What Is Telematics?
As a business owner or fleet manager, vehicle telematics can help you transform your fleet into a safer, more efficient operation. It can also empower you with the data you need to make better decisions about your business and provide your customers with the best possible service.
In this guide, we'll discuss what telematics is, how it works and why it is the right choice for your fleet.
Telematics refers to the transmission of electronically collected information over a long distance from a relevant point of interest — such as a vehicle — to an end-user. Vehicle telematics is a method of monitoring and gathering the logistics of a vehicle or fleet. Telematics technology utilizes computer systems that collect data in several key areas of operation, including driver location and behavior, fuel level and vehicle status, route tracking and more. You may have even encountered telematics in your personal life. For example, telematics technology in cars can help auto insurance companies gather data and analyze your driving habits. Telematics technology is also behind many modern-day car features, like active weather alerts.
Several industries and vehicles can utilize tracking via telematics technology, including:
- Personal vehicles, such as your car
- Truck fleets
- Boats — both personal and cargo
- School buses
- Travel trailers
- Heavy equipment
- Tow trucks
- HVAC and cable companies
Whether you manage a few vehicles or an entire fleet, any company that regularly transports assets can benefit from using a telematics system.
How Does Telematics Work?
Depending on the features and settings you use, telematics technology works to collect, transfer and help you make sense of important data from the vehicles in your fleet.
Here's how it works:
- A device captures relevant vehicle data: A telematics device is installed in each vehicle in your fleet, usually in a discreet location. Throughout the operation of each vehicle, this device will harvest information such as speed, acceleration, idle time and vehicle location.
- That data is transferred to the telematics provider: The installed telematics device will then transmit this information to a telematics provider via some form of wireless connection. If you choose a telematics system with Smart Tracking enabled, expect to receive updates whenever specific parameters are met, instead of being flooded with dozens or hundreds of unimportant information. For example, Smart Tracking will flag when the vehicle reaches a standstill or when it detects a change in the vehicle's power supply.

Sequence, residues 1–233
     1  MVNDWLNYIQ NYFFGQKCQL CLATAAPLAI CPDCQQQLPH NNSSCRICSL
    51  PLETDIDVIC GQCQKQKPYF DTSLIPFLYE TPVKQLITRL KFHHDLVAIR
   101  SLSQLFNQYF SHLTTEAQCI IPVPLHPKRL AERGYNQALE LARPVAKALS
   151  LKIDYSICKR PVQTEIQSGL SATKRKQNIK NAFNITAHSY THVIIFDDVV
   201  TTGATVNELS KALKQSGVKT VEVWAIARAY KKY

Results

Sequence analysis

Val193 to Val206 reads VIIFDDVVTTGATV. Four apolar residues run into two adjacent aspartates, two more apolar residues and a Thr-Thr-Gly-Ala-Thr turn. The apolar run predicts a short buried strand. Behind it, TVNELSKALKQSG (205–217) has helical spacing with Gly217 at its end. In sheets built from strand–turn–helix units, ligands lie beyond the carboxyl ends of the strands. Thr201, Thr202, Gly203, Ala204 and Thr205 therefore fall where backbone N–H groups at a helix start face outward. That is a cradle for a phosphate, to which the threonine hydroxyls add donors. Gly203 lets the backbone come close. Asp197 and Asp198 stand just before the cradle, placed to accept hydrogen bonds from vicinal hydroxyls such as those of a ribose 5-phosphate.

- The data is interpreted so you can analyze results: Once the data has been collected and transferred, it is then interpreted and sent to the end-user to be analyzed. Business owners and fleet managers can access this information via computer, smartphone or another internet-enabled device, or export it into a document or spreadsheet. You can then use this information to track patterns, trends and make a plan of action.
- Fleet location
- Travel speed
- Acceleration or frequent braking
- Idle and stop time
- Total distance or time traveled
- Total fuel consumption
- Engine and vehicle data
- Problems with the vehicle
- Reduced operational costs: Reduce operational costs by correcting behaviors and planning routes that minimize fuel waste. You can also avoid costly roadblocks or unexpected reroutes. Telematics reduces how much paperwork your drivers are responsible for, which saves money and time typically associated with things like time cards or reports. Finally, since telematics promotes safer driving, you may be able to reduce costs associated with high insurance, emergencies, accidents and more.
- Enhanced security: By monitoring and tracking your assets, you can help prevent after-hours use of vehicles, identify missing shipments, and monitor locations to ensure your assets are not stolen. Telematics also provides you with real-time status updates regarding your drivers and their cargo. For some industries, this enhanced security can offer ultimate peace of mind and help drivers feel safer while transporting valuable goods.